The now-married "Bachelorette" star said that one of her own ghosts held her back for years. "I dated, but I kept wondering: Why me?" she says in a phone interview. "A lot of times in these ghosting stories, we find that the one who was ghosted blames themselves, and that was me."

In the show's Season 1 premiere, Mills and Lindsay track down a woman's childhood best friend who had ghosted her - she assumes because she missed a party celebrating the anniversary of his coming-out. In a tearful confrontation, he admits that he slept with her ex-boyfriend and felt so ashamed that he cut off all contact. He apologizes and they make up, but they had nearly two decades of friendship to fall back on.

The dating app Hinge has a podcast, Ghost Stories, with a similar premise. Co-host Michael Yo says the main problem is that daters rarely ask one another what they're looking for.

So when it becomes clear that one person wants something more serious, the other tends to bounce. One couple on the podcast even lived together for several months and the woman simply moved out one day when the guy wasn't around.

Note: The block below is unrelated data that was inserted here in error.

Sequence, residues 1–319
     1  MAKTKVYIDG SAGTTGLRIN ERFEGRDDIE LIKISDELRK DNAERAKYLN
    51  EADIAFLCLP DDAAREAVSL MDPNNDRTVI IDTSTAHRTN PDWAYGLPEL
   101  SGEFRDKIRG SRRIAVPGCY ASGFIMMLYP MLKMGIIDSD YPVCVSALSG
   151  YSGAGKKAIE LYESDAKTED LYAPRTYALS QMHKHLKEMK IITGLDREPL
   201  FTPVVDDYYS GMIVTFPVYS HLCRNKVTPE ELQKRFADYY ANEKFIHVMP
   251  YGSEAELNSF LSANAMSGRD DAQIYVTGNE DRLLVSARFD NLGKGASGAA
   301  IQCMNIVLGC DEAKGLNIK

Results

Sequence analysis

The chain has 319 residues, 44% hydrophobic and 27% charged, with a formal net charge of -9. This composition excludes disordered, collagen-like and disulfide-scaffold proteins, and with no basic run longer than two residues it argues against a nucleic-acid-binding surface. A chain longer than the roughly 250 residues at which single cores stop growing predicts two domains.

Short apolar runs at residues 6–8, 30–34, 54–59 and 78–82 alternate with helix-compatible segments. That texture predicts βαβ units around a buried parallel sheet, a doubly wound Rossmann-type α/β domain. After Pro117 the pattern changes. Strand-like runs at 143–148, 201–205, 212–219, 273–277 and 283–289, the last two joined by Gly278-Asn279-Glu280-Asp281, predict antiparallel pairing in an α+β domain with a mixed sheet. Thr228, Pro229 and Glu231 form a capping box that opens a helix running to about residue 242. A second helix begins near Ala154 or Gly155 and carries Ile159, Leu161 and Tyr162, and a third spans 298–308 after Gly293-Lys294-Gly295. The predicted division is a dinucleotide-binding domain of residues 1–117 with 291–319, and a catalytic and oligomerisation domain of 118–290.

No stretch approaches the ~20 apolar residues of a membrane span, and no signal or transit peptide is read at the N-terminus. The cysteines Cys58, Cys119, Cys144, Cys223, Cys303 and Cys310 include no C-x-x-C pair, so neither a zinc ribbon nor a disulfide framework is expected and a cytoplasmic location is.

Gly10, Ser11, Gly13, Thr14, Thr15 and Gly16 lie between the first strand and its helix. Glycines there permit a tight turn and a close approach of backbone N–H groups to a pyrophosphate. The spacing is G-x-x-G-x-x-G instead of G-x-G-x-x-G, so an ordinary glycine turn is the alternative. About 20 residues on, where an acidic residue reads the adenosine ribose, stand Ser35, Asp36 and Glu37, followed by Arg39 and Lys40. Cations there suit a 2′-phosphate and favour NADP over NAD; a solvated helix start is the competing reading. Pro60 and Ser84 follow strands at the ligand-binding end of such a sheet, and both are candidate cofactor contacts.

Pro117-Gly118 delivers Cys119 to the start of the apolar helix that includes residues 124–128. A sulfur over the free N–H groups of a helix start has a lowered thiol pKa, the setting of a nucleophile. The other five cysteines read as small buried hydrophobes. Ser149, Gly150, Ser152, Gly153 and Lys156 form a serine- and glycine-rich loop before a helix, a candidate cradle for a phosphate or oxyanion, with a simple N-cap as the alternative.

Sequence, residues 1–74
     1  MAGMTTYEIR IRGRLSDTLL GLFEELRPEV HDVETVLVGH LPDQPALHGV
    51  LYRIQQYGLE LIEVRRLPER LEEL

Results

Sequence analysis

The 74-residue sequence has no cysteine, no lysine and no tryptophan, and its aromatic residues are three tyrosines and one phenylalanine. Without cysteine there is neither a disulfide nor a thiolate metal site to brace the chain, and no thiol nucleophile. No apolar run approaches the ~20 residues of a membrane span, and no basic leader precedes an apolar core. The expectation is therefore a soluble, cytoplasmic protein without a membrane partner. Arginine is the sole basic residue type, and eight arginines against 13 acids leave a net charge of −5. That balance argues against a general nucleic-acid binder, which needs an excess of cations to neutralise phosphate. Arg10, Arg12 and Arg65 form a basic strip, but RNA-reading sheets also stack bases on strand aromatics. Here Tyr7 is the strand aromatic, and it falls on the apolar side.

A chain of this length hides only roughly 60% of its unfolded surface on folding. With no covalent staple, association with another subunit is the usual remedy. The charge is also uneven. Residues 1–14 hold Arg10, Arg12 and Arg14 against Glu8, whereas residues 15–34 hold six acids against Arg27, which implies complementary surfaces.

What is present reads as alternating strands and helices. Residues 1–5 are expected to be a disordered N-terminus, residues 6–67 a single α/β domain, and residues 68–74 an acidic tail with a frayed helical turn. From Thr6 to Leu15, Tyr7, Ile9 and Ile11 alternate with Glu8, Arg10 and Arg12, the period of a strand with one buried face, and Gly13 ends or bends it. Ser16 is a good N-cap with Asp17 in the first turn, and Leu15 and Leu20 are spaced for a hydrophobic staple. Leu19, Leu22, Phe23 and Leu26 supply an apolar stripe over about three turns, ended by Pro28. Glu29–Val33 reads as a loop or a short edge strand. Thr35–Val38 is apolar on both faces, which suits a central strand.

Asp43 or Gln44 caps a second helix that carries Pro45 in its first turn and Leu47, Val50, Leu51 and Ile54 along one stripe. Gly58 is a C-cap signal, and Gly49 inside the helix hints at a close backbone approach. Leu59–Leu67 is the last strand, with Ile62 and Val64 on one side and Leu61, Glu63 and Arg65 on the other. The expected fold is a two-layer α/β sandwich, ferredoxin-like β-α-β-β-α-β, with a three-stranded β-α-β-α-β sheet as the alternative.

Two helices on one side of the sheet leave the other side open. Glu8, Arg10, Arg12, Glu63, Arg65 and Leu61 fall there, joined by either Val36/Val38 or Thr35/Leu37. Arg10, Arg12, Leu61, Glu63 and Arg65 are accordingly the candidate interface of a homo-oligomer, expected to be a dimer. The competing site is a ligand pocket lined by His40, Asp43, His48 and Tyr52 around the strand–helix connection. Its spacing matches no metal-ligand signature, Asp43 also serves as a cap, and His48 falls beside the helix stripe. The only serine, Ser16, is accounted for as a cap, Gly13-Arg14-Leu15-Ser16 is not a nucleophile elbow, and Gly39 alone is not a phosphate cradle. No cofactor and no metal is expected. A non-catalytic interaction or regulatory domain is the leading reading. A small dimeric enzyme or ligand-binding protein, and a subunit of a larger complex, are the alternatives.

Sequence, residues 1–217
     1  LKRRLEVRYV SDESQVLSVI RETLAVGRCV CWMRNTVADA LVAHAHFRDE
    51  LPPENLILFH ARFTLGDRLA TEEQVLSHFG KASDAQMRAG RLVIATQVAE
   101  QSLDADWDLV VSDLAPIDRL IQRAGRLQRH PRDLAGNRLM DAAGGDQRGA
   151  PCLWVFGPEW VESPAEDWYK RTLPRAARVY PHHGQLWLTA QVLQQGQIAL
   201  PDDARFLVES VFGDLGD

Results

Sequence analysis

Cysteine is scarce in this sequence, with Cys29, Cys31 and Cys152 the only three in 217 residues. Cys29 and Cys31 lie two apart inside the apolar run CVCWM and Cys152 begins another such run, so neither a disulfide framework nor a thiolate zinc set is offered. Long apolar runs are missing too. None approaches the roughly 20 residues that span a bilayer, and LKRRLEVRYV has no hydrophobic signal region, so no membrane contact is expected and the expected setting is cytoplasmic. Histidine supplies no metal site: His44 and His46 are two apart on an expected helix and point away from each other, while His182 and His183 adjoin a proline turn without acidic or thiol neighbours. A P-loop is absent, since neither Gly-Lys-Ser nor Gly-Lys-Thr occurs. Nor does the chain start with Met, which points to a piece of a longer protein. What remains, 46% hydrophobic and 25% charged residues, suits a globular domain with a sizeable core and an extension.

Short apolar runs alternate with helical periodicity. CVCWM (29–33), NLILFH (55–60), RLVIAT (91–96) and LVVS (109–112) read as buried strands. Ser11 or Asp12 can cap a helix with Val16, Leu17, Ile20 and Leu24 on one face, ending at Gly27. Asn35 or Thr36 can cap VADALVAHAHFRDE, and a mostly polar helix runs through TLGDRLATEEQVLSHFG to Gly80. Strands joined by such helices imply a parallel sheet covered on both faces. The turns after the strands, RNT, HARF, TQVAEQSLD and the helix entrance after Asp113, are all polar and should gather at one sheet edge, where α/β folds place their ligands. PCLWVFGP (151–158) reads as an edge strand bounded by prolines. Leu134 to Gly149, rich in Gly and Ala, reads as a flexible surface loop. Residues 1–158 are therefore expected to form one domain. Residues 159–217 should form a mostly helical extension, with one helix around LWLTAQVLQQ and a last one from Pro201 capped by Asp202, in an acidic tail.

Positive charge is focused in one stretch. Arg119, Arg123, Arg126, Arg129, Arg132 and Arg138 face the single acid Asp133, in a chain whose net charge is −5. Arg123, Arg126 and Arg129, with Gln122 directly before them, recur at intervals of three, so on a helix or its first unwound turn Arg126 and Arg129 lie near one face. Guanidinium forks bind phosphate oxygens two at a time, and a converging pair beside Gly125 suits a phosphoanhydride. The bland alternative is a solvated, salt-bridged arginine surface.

"You really got to know straight off the bat: What's your intention of meeting up?" Yo says. "Are you looking to get married? Are you looking for the right one? Or are you looking for a fun time?"

I'd thought my ghost and I had been on the same page about this. Early on, he'd asked if I was looking for a serious relationship, marriage, kids. I was, I told him.

However, there was one red flag I'd overlooked: He would occasionally ask if I wanted to see him again, when I thought I'd already made that clear.